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Horace H. Lurton


From the personal collection of Supreme Court Justice Tom C. Clark


Lurton directs the Supreme Court marshal to seat visitors for oral argument

Horace Harmon Lurton, 1844-1914.  Associate Justice, United States Supreme Court, 1909-1914.  Rare Autographed Note Signed, Horace H. Lurton / Justice, on 1½ x 3" calling card, no place [Washington, D.C.], no date.

Because of Lurton's short tenure on the Supreme Court, his autograph material as a Justice is rare.  Our research has found only one signature and one autographed letter signed offered at auction during the past 38 years.  Lurton was 65 years old when he ascended the bench, the oldest Justice ever appointed, and he served just over four years. 

In this internal note, written on the back of a calling card, Lurton directs the Supreme Court marshal to arrange courtroom seating for his friends.  He writes, in full:  “These gentlemen are friends of mine in Indiana and must have seats."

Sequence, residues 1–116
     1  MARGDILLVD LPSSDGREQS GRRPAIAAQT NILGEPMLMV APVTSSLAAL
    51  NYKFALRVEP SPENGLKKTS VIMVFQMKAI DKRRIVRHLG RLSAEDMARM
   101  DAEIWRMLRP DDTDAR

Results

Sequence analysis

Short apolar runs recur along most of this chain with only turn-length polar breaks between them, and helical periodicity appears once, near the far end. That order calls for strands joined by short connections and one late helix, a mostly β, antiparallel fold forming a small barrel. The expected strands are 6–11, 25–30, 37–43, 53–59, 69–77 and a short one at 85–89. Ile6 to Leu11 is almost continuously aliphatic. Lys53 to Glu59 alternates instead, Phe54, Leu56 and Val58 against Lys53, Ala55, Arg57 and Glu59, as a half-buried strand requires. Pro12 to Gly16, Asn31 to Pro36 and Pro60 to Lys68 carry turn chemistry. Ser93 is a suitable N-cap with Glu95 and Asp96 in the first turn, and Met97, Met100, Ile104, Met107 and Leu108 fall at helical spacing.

Lurton's appointment by President William Howard Taft was something of a surprise.  Taft was a Republican, and Lurton was a Democrat.  But Taft, who had served with Lurton when both were judges of the United States Court of Appeals for the Sixth Circuit during the 1890s, made Lurton the first of his Supreme Court appointments.  Taft, who longed to be a Supreme Court Justice himself, may also have considered Lurtonʼs age and wondered whether, after Taft's first term in the White House, a vacancy might soon occur.  Taft also elevated 65-year-old Edward D. White to Chief Justice in 1910, and many think he did so for the same reason—and 11 years later Taft replaced White as Chief Justice.  Speculation aside, Taft reportedly said that appointing Lurton to the Supreme Court was "the chief pleasure of my administration."

Lurton has written this note in pencil on the back of the calling card of Capt. Allen T. Hodge, whose name is crossed out in pencil, presumably by Lurton.  The card has paperclip impressions and faint stains at the left, which touch the text but do not affect the signature, and some soiling.  Overall it is in fine condition.

Provenance:  This note comes from the personal collection of Justice Tom C. Clark, who served on the Supreme Court from 1949 until 1967. Justice Clark collected the autographs of other Supreme Court Justices dating back into the 19th Century.  We are privileged to offer a number of items from the collection.




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